As I sit here in the living room of my parent’s home, I now realize exactly what my Dad means when he says, “Even though I have ALS, I consider myself one of the lucky ones.” If you know anything about the disease, you are probably wondering how someone could feel this way when staring into the face of such a devastating disease. Allow me to explain.
In November 2004 my father was diagnosed with ALS after a number of trips and falls during his routine daily activities. Because of the newfound “clumsiness,” he was no longer able to perform the functions of his job that he loved, driving 18-wheelers. Not only was he unable to drive his truck as he had done for the 20 plus years prior, he was now faced with the reality that ALS would forever change every aspect of his life.
My father is a fighter and has more will than anyone I have ever met. He is very matter-of-fact in his approach to most things in life. He taught my brothers and I that you accept things for what they are. Change it if you can and accept it if you can’t, carry on and don’t feel sorry for yourself. I knew his approach to battling this disease would follow suit. I had recently moved to Virginia when he was diagnosed. After I heard this news, I was determined to educate myself and my family about everything we could about this disease. That would be my contribution, my way of supporting his fight. I found the local ALS Chapter, attended some meetings, and got as involved as I could. We started a walk team for the Walk to Defeat ALS and we have raised, and continue to raise, several thousand dollars each time we walk (we now walk in the Virginia Beach VA walk as well as the Greater Chicago walk). My Father, Mother, and I have been to Washington DC multiple times for National ALS Advocacy Day on Capitol Hill and additional Advocacy effort with the National ALS Association. During the first trip we made together, I realized that there is possibly nothing more open and honest than hearing my father talk about his experience with ALS. As travel has become increasingly difficult for my Father, my husband and I have continued the advocacy efforts forward on recent visits to DC.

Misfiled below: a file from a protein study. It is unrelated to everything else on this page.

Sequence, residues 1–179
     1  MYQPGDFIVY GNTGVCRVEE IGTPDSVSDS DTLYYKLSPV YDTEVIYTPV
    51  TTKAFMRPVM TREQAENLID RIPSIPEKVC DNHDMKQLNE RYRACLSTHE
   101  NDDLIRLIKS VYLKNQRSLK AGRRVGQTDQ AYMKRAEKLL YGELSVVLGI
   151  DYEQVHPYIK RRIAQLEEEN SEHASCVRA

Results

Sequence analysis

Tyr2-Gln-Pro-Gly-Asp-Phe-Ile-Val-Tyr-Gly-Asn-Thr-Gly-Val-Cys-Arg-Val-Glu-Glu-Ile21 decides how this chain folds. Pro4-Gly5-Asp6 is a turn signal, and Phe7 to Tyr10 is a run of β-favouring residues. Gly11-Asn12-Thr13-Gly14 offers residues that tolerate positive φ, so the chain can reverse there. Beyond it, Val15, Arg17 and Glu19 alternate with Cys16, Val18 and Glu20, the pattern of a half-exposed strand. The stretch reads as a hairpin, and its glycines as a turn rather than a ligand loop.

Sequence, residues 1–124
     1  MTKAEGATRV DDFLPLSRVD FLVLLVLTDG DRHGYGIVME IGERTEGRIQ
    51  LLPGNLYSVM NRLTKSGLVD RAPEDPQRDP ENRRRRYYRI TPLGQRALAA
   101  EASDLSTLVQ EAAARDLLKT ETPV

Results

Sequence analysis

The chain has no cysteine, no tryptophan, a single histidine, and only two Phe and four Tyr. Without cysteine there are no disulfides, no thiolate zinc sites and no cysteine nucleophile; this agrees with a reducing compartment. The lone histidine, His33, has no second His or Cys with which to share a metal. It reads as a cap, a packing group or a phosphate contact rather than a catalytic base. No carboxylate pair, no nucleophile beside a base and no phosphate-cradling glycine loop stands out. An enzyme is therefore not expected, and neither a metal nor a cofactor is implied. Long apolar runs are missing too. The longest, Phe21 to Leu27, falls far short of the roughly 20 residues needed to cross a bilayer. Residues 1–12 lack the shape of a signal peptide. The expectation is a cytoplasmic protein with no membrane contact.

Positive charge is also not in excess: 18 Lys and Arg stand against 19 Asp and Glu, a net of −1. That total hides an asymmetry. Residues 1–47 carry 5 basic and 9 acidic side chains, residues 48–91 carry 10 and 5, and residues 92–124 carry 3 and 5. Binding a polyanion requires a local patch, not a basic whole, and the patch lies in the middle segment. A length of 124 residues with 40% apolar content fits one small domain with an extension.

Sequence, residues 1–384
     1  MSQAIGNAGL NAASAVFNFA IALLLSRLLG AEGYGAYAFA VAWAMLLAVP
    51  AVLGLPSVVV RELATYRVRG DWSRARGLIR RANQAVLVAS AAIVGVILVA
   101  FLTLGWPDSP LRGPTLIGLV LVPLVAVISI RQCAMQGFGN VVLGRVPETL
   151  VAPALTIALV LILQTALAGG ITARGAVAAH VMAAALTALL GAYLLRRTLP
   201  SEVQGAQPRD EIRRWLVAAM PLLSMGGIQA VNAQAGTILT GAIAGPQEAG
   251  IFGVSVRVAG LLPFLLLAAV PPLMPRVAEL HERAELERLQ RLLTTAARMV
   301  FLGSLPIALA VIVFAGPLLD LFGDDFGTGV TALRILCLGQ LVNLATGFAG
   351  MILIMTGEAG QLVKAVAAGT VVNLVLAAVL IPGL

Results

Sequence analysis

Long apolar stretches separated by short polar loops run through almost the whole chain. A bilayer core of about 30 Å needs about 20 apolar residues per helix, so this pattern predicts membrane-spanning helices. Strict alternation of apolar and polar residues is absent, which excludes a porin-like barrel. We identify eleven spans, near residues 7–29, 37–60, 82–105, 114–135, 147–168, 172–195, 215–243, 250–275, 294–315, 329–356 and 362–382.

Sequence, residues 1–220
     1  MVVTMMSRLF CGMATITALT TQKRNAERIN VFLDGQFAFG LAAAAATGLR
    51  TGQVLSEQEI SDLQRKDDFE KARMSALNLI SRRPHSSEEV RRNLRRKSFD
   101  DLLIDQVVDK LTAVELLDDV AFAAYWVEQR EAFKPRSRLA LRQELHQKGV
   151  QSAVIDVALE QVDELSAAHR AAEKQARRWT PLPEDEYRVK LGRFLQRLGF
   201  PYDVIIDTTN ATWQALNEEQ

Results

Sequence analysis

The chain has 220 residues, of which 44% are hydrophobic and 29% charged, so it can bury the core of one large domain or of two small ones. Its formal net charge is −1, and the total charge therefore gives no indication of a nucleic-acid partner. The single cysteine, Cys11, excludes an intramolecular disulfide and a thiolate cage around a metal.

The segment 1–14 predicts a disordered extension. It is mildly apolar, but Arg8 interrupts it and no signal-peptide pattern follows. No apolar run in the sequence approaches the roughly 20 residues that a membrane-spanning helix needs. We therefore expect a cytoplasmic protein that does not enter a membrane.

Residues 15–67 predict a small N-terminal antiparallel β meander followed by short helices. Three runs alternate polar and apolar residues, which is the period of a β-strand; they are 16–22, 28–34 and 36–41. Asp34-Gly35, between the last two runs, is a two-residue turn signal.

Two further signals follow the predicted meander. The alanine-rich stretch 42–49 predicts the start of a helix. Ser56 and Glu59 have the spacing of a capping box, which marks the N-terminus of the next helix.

I have also been fortunate enough to serve on the DOD review panel as a consumer reviewer. My father is a Vietnam Veteran and has received a great deal of support from the VA. So, I am very much honored to be serving on the DOD panel. This opportunity came after an advocacy day which we participated in so receiving these funds was proof that we’d made a difference. There would be funding to support programs trying to cure or treat or even figure out this disease.
This November will mark 7 years that my Father has been fighting ALS. The average patient diagnosed with ALS loses their battle within 18 to 24 months of diagnosis. This certainly makes us feel like we have been one of the lucky ones. However, I sit here considering all that we’ve shared as a family over those 7 years and realize that is the reason we are truly the lucky ones. This disease has brought us together as a united front, a family in a fight against this disease. In seven years, my father has watched his grandchildren grow, learn to drive, hit home runs, score soccer goals, dance in recitals, cheer in competitions, and enjoy seven additional Christmas’ and years of birthdays, and a birth, all with a new appreciation that has been brought on by this awful disease. He’s seen his children grow into providers and awesome fathers, he walked me down the aisle at my wedding, and this week he got to meet my newborn son (his 6th grandchild) for the first time. It is in these moments, as he rolls in his motorized wheelchair into the room where my baby is sleeping to watch over him for just a moment, I feel the impact of what he means when he says he’s lucky. I too feel very lucky as I realize all that we have been able to experience and share with him.
There is nothing that brings me more pride than to carry this effort forward for him, for our family, for all those with ALS.